Among those who disliked the new look for the pets, complaints were also leveled at the standardized pose that had been employed – a necessity to ensure that the pets were able to wear the Neocash Mall fashions. But beyond talking about it (which people did, a lot, on the Neoboard forums), there was little else anyone could do. Some begged for the chance to de-convert their pets, while others bitterly suggested that all pets should be instantly converted. Neither ever materialized.

In 2014, nine years after purchasing it, Viacom sold Neopets off. The icy reception toward the introduction of microtransactions and madeover pets probably played a part in the decision, but the site had already been in something of a decline for a while. The older users who had been busy bees during the Dohring era were steadily abandoning their accounts and moving on to the newer things the Internet had to offer. Neopets just looked outdated and felt ancient by comparison. The site still relied heavily on Flash with no transition to HTML5 in sight, and the content was utterly stale – the clever humor Adam and Donna had dreamed up a decade and a half ago was practically absent in any form. It seemed that the site never regained its image as something that could be engaging and worthwhile for grown-ups.

After the sale, administration of Neopia was handed over to JumpStart, a company best known for its educational software for kids. One of their first moves as owners was to dismiss the team who had worked on Neopets under Viacom. Their second was to create an iPhone app. Not for the site as a whole, mind you; instead, it was a match-three game called “Ghoul Catchers,” but it seemed like a step in the right direction, and besides that, playing it would supposedly earn you Neopoints. Perhaps unsurprisingly, the process ended up being rife with glitches, with many players complaining about errors in connecting their Neopets accounts to their Ghoul Catchers game profiles and receiving the points or items they were supposed to.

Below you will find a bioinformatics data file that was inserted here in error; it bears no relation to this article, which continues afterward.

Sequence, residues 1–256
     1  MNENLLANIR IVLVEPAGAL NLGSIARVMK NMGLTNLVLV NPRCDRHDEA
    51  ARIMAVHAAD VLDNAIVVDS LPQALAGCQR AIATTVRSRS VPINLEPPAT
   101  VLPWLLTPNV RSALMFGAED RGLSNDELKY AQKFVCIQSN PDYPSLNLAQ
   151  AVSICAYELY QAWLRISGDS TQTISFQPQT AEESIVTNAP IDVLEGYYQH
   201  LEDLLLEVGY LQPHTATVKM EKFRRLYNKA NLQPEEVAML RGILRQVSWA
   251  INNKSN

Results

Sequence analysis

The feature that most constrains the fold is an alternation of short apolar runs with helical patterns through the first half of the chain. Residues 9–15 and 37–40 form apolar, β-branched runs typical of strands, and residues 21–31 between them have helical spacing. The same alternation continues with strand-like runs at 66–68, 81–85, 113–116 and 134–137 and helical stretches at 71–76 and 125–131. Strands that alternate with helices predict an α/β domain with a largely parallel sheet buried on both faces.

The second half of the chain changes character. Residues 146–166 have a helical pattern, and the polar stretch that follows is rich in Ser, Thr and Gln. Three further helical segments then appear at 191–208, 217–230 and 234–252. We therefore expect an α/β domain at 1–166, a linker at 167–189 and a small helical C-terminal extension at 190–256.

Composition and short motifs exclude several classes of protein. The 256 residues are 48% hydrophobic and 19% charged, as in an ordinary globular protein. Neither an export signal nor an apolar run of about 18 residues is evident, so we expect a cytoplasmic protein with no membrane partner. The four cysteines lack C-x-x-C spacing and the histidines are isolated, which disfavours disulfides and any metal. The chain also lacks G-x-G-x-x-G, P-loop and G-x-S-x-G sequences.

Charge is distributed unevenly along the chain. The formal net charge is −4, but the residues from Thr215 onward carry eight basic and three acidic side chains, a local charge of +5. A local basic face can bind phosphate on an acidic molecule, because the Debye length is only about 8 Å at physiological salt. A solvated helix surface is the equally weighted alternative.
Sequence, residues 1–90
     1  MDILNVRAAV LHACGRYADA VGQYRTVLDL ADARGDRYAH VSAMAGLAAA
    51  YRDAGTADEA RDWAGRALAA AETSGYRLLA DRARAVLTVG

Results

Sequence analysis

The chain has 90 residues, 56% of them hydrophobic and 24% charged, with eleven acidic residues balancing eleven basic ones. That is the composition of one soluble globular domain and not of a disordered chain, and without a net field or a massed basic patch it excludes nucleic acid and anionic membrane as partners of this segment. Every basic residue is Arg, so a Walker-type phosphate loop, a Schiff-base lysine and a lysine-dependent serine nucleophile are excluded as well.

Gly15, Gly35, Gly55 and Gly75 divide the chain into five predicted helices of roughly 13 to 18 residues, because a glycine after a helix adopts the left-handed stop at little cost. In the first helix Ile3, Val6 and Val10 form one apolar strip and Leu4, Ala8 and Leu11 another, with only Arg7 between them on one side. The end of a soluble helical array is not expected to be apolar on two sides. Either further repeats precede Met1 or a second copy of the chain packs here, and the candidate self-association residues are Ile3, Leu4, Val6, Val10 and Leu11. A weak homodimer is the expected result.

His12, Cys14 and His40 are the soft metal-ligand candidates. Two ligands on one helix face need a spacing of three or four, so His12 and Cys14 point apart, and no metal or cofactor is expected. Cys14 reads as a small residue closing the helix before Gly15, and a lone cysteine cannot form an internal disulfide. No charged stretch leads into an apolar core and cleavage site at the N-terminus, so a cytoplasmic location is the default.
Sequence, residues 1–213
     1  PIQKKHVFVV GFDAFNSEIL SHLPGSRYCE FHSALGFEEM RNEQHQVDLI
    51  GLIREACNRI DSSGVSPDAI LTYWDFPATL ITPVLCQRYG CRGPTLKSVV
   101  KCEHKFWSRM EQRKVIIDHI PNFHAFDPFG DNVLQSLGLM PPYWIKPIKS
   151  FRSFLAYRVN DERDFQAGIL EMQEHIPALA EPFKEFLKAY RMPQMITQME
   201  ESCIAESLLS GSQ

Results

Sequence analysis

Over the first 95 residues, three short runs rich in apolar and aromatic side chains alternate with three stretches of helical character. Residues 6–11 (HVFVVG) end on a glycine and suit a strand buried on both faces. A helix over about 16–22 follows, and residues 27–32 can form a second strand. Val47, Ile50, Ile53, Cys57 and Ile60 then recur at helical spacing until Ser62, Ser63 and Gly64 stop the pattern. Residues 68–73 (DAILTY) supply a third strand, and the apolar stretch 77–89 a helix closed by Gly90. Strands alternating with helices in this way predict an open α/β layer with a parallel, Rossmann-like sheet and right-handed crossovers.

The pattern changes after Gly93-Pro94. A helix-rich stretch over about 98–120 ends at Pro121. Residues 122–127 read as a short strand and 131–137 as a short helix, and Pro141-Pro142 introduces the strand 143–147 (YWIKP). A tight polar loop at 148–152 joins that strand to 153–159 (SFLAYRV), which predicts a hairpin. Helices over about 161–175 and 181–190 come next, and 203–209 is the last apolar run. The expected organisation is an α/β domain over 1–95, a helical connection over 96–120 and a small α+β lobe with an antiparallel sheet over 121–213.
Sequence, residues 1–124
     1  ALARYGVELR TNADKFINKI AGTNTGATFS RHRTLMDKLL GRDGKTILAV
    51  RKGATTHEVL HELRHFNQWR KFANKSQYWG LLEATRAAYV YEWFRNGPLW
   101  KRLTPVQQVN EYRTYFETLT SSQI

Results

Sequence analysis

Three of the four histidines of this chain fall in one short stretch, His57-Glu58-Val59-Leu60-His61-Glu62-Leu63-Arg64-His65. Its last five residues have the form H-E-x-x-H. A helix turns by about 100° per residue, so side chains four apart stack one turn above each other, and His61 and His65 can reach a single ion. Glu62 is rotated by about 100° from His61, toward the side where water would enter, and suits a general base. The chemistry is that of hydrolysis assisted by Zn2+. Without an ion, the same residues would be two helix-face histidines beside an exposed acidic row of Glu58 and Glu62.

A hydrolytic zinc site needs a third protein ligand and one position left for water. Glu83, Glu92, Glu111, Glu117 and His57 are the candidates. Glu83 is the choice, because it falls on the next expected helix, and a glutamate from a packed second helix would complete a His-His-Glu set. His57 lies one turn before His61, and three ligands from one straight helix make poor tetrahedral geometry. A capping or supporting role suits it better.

While Neopets has long since ceased to be relevant on the wider internet, perhaps it’s not too late for a recovery… but it would require some drastic action. In an ideal world, Jumpstart would offer the reigns back to Adam and Donna Powell, or at least hire them on as consultants, though I can’t really see this happening. Moving the site in a more adult-friendly direction might help, though; for example, relaxing the famously bizarre moderation policies on the forums would be a good step, and bringing back the sardonic humor that characterized Neopets culture long ago would be an even better one. Considering Jumpstart’s super-young target market for all its other software, though, I doubt this could ever take place. Allowing people to unconvert their pets at will would also be a nice touch and maybe draw back those who had spent so long saving up for paintbrushes back in the day.

In January 2017, the CEO of Jumpstart, David Lord, gave an interview with Kotaku to talk about Neopets. He had little to tell about its future, only making some vague references to nonspecific plans. Mere months later, Jumpstart itself was sold to a Chinese company, NetDragon Websoft. As far as I know, they have yet to make any kind of announcement regarding Neopets.

This brings us to today. The site continues to receive perfunctory maintenance, with updates to the pet/user/whatever of the week and the seasonal events continuing to trigger at the right time. Yet another game app was released this year, and I don’t know anyone who plays it. Little else seems to be happening, though. If Neopets continues down this trajectory, I wouldn’t be surprised to see it shut down within 10 years – after all, support for Flash will end in 2020.

If nothing else, at least our memories will always live on happily ever after in Neopia as images of childhood nostalgia and dreams of everything the internet could be.